I will be starting as an Assistant Professor and Chancellor's Scholar in the Center for Emerging and Re-Emerging Pathogens and Department of Microbiology, Biochemistry and Molecular Genetics at Rutgers New Jersey Medical School on December 1, 2019. Please visit our new lab website: http://www.jasonyanglab.org/.
I am a Research Scientist in the Institute for Medical Engineering and Science at the Massachusetts Institute of Technology and in the Infectious Disease and Microbiome Program at the Broad Institute of MIT and Harvard. Since 2012, I have been collaborating with Dr. James Collins towards better understanding how antibiotics kill bacteria.
My overall research interests are to advance the practice of precision medicine and the mechanistic basis of cardiac and infectious diseases by engineering systems approaches combining network modeling and machine learning with experimental activities. Such approaches have the potential to reveal molecular mechanisms of disease pathogenesis and drug efficacy. I was awarded a NIH K99/R00 Career Development Award entitled "Effects of Host Metabolic Variation on Antibiotic Susceptibility" to pursue this work.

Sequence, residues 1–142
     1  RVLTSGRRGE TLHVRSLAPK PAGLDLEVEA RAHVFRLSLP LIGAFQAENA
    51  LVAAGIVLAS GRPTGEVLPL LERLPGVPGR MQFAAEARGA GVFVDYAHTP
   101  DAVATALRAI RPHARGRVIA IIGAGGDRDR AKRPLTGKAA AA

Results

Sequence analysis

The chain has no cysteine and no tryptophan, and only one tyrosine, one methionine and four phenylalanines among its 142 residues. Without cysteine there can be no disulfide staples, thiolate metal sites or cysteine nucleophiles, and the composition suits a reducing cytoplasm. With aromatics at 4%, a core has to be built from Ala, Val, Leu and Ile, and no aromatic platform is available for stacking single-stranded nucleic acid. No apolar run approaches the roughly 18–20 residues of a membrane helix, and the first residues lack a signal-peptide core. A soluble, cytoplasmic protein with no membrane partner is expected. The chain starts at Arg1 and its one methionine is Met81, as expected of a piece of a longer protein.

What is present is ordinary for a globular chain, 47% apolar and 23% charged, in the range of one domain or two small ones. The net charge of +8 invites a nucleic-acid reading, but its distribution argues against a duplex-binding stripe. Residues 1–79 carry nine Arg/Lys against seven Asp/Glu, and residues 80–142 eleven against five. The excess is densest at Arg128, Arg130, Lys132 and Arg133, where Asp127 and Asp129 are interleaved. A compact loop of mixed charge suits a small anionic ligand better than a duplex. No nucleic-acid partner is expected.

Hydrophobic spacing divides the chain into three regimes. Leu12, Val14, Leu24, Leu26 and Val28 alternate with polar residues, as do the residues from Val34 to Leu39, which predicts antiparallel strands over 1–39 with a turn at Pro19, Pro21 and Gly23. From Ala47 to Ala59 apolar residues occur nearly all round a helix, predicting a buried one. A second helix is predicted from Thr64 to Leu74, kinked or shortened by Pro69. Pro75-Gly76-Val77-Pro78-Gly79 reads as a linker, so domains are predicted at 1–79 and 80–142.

I received my Ph.D. from the University of Virginia in 2012 in Biomedical Engineering, under the guidance of Dr. Jeffrey Saucerman. In my dissertation, entitled "Systems Analysis of Cardiac β-Adrenergic Signaling Regulation", I investigated the roles of network topology and subcellular compartmentation in regulating selection of β-adrenergic signaling stimulated behaviors in cardiac myocytes.
I received my B.S. from Johns Hopkins University in 2005 with a double major in Biomedical Engineering and Electrical Engineering. There, I worked with Dr. Raimond Winslow on developing electrophysiological models of cardiac myocytes and with Dr. Robert Allen and Dr. Edith Gurewitsch on developing models of human childbirth.
My hobbies include rugby, hiking and riding my motorcycle.